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SALT LAKE CITY — A Utah Marine who died during World War II was accounted for in September, the U.S. Department of Defense POW/MIA Accounting Agency announced Wednesday, almost 76 years after he was killed in battle.
Pfc. Robert J. Hatch, of Woods Cross, was 21 years old when he was killed on Nov. 22, 1943, fighting the Japanese on the small island of Betio in the Tarawa Atoll of the Gilbert Islands, according to a news release.
It was the third day of the battle for the island. About 1,000 Marines and sailors were killed and more than 2,000 were wounded in the battle, according to the release.
In 1946, all the American remains found on Tarawa were centralized, but almost half the known casualties were never found. Hatch was declared “non-recoverable” in 1949.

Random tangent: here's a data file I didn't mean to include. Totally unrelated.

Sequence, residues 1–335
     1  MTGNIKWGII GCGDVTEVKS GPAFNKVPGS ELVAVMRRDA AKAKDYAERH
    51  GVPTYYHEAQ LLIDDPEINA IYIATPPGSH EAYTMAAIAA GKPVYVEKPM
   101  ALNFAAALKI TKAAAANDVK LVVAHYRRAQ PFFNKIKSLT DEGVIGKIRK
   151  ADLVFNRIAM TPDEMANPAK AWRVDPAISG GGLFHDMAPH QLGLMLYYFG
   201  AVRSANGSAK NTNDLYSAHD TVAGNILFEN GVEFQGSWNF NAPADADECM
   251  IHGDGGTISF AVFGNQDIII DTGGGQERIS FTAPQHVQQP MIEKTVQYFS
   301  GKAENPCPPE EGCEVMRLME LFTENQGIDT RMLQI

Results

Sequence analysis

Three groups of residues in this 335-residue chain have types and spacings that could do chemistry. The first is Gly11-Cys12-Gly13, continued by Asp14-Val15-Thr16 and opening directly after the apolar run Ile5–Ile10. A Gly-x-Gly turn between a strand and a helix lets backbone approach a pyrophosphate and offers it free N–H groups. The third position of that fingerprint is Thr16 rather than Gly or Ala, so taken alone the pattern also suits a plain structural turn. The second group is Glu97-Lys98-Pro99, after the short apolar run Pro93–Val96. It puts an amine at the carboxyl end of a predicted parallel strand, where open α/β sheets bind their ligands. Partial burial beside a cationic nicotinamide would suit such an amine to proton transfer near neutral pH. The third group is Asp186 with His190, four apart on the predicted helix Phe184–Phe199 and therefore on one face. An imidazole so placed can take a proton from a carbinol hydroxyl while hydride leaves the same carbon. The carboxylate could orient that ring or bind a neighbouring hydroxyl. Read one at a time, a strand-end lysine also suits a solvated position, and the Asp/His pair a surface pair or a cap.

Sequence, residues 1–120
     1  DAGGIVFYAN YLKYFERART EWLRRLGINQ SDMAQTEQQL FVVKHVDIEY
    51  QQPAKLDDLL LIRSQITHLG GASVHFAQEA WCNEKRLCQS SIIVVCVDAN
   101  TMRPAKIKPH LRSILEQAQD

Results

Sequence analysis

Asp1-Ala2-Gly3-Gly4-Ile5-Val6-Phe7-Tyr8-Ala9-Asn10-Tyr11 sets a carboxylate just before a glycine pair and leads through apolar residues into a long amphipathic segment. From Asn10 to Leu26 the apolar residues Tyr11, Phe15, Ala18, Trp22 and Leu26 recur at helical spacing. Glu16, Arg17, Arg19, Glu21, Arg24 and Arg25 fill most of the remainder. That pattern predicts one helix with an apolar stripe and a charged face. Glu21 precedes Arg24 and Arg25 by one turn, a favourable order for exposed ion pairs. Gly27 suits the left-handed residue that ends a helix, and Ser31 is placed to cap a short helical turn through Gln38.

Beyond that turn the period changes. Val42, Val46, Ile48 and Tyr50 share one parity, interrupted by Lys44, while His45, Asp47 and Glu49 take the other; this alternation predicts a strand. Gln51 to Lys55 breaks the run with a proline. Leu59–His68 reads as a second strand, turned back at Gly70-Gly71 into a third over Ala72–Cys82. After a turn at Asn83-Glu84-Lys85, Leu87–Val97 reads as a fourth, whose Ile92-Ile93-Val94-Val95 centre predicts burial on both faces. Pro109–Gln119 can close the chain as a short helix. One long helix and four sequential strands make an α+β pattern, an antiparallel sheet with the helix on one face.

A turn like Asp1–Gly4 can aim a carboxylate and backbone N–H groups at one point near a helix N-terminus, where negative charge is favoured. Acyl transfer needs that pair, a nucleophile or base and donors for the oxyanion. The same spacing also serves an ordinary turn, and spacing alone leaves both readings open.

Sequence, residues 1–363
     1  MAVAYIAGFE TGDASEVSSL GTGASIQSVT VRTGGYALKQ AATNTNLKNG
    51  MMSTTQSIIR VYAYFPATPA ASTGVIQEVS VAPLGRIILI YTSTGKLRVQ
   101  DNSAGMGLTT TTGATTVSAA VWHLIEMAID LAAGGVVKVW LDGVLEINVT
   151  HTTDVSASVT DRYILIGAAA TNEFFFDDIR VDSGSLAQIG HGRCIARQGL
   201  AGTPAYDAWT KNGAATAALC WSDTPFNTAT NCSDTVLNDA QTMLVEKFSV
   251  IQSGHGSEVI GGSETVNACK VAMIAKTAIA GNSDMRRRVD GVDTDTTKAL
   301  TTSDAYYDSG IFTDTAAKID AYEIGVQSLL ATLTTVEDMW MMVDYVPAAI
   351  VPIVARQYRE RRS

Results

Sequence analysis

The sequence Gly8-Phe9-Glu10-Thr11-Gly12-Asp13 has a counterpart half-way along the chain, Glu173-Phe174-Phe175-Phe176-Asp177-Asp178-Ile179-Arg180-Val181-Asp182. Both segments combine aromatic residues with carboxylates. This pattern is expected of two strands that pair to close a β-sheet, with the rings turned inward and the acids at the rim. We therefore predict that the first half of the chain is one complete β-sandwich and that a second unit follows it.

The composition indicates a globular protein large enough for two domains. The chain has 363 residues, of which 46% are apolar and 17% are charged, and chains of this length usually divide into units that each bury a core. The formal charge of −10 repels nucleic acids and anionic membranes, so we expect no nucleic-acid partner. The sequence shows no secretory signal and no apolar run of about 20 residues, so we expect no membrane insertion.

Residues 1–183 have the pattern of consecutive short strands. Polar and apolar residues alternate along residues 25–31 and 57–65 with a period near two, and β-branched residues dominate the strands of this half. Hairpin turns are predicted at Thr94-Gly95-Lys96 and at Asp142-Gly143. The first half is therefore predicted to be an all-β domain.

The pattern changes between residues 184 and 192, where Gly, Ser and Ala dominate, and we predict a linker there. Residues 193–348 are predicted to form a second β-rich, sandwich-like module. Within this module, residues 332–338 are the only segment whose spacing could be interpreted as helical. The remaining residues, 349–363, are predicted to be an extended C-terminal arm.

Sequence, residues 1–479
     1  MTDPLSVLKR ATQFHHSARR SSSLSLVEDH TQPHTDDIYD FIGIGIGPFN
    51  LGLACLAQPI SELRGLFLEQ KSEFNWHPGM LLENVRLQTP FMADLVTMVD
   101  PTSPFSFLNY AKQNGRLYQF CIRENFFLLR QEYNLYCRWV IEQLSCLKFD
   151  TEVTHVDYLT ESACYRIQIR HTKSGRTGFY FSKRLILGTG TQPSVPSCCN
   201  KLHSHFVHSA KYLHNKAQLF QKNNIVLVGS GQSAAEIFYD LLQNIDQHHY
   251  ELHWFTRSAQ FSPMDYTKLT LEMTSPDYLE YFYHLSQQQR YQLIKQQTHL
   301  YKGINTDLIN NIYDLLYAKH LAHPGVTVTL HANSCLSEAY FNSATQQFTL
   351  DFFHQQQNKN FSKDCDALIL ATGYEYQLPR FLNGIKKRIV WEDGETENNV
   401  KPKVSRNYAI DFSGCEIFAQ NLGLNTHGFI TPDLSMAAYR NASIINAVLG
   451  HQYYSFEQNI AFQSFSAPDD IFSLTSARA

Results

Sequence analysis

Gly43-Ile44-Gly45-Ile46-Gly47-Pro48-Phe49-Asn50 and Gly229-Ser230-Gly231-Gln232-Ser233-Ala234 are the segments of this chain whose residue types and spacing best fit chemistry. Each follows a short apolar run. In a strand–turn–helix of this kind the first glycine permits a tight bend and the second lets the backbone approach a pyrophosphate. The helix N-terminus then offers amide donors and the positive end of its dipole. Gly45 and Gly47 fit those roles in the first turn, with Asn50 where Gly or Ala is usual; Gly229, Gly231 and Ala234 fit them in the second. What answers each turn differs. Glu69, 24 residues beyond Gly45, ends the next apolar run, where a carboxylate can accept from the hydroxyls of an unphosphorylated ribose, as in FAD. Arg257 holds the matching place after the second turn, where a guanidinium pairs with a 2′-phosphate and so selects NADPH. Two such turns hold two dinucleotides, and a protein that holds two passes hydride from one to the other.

The nonprofit organization History Flight, Inc., identified multiple sets of remains at an island cemetery in 2014 and turned them over to the Defense POW/MIA Accounting Agency. Using “dental, anthropological, and chest radiograph comparison analysis, as well as material evidence,” the agency identified Hatch’s remains, the release says.
He will be buried on Dec. 14 in Bountiful.
Hatch’s brother, Clyde, died in Guam in 1944.
More than 400,000 Americans died fighting in World War II, and the Defense POW/MIA Accounting Agency says 72,648 of them are still unaccounted for.